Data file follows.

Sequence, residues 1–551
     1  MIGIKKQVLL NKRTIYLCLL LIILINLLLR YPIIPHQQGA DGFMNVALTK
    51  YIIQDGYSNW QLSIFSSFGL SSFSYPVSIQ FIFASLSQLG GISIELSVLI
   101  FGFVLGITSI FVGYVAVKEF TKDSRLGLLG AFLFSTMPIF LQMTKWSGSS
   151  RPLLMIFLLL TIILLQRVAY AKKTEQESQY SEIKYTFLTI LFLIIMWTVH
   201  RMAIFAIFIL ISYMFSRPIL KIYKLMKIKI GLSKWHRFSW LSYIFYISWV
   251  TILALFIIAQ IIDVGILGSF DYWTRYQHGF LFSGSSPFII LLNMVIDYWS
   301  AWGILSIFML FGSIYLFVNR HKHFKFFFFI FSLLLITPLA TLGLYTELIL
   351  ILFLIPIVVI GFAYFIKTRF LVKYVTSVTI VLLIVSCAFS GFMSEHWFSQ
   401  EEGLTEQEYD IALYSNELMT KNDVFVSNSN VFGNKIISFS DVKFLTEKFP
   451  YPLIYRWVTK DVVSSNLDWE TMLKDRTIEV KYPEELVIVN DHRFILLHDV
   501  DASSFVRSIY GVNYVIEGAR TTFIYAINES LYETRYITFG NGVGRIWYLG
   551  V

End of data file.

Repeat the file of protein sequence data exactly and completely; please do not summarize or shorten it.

Sequence, residues 1–551
     1  MIGIKKQVLL NKRTIYLCLL LIILINLLLR YPIIPHQQGA DGFMNVALTK
    51  YIIQDGYSNW QLSIFSSFGL SSFSYPVSIQ FIFASLSQLG GISIELSVLI
   101  FGFVLGITSI FVGYVAVKEF TKDSRLGLLG AFLFSTMPIF LQMTKWSGSS
   151  RPLLMIFLLL TIILLQRVAY AKKTEQESQY SEIKYTFLTI LFLIIMWTVH
   201  RMAIFAIFIL ISYMFSRPIL KIYKLMKIKI GLSKWHRFSW LSYIFYISWV
   251  TILALFIIAQ IIDVGILGSF DYWTRYQHGF LFSGSSPFII LLNMVIDYWS
   301  AWGILSIFML FGSIYLFVNR HKHFKFFFFI FSLLLITPLA TLGLYTELIL
   351  ILFLIPIVVI GFAYFIKTRF LVKYVTSVTI VLLIVSCAFS GFMSEHWFSQ
   401  EEGLTEQEYD IALYSNELMT KNDVFVSNSN VFGNKIISFS DVKFLTEKFP
   451  YPLIYRWVTK DVVSSNLDWE TMLKDRTIEV KYPEELVIVN DHRFILLHDV
   501  DASSFVRSIY GVNYVIEGAR TTFIYAINES LYETRYITFG NGVGRIWYLG
   551  V